Once across the lake, on the north side, there was a clear trail. We exited our rafts as we entered the small western bay and heard the waterfall we had been warned of by my friends. We headed down the trail and back to the beach. We exited the forest ideally near the end of another long boulder field and were pleased to soon find dark sand.
|Days four and five - lovely landscape with the St. Elias Mountains|
|Thousands of birds migrating through|
The terrain changed north of Grand Plateau Glacier from the typical wet Southeast Alaska landscape with an abundance of Sitka Spruce and Western Hemlock, Devil's Club and giant Skunk Cabbage to a drier, sandier terrain with pine and grass.
|Monday morning bears|
|The views from Dry Bay to Yakutat were incredible|
The views began to open up once we crossed Dry Bay, the outflow of the Alsek River, on Sunday just before noon. At this point we were behind schedule. We also knew we were facing an increasing number of crossings. Because of our time limitations, we made no attempt to time any of our crossings with slack tide.
|Crossing the Alsek - we were greeted by Sea Lions|
|The endless beach was ours|
|Hours of beach walking - notice the continuous bear trail|
But, instead we found ourselves sitting two miles out from land on a narrow sand-spit that was quickly disappearing with the incoming tide. The wind was blowing about 30 miles per hour (note to self: not good for contact lens wearer - me) and, oh yeah, we were rapidly running out fresh water which was somewhat paradoxical given that we were now surrounded on all sides by water.
|Crossing Dangerous River - several times in a sandstorm|
|Long days and short nights in late May|
On our final day, Tuesday, we broke camp by 7:30 a.m. on a mission to make our 6:00 p.m. flight. Personally, after the windy, rough crossings the day before, I was on a mission to time at least one of our raft crossings with slack tide. From the tide schedule I had scribbled on the back of my map a week earlier, it looked like slack tide for the Situk River (our last crossing) would be around 10:30 a.m.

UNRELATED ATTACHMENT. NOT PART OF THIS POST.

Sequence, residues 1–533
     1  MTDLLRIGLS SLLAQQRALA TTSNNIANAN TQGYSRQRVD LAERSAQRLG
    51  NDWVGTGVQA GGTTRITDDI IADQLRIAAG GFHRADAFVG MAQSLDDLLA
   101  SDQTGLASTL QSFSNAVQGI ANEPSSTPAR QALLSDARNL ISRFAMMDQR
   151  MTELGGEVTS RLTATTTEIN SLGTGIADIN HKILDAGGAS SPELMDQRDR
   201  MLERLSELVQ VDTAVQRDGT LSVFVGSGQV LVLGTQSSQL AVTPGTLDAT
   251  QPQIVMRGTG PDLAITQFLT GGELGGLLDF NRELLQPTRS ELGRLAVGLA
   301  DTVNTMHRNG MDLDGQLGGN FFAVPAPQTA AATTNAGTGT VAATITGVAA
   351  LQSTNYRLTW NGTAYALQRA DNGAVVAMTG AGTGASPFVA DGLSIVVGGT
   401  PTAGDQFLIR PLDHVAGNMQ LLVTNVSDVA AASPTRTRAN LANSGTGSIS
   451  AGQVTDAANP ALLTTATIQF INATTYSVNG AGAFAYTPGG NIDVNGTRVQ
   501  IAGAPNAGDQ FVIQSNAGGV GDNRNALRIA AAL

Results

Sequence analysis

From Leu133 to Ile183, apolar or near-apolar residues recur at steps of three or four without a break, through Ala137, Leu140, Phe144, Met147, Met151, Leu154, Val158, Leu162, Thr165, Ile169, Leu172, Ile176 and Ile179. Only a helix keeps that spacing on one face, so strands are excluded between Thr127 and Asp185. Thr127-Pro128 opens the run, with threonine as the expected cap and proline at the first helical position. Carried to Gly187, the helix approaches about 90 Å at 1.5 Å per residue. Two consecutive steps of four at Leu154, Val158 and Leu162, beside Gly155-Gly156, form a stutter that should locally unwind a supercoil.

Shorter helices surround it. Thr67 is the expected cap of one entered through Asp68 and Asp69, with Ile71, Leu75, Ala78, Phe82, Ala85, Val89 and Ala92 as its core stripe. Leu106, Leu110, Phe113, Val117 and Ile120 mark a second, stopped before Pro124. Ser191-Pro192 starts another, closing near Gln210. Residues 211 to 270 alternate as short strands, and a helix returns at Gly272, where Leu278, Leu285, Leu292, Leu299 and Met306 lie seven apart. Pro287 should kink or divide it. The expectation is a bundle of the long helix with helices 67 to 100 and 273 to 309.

|Day 5 - 7:30 a.m. to 10:30 p.m. (let's make that plane tomorrow!)|
|No need for pack rafts here|
Well, there you have it. Despite the nay-sayers in Juneau, we made our six day trek from Lituya Bay to Yakutat. It was an invigorating adventure and we had almost three full hours to spare before our Alaska Air flight departed for home. Having worn the same clothes continuously and not having showered for six days, I was thrilled to see Kari at the Juneau airport. Wow, my girlfriend sure did look clean! Postmortem: I will say that the group dynamics on this trip were terrific given some of our challenges, and we were also fortunate that we experienced no major setbacks. In retrospect, if I made the sojourn again, I would take at least two more days, bring my own back-up lithium batteries and a back-up compass, time the larger crossings with slack tides, and maybe bring a sack of food to sell to my companions at a usurious rate should our luck ever run out.
|Google Map - orange markers are past earthquakes|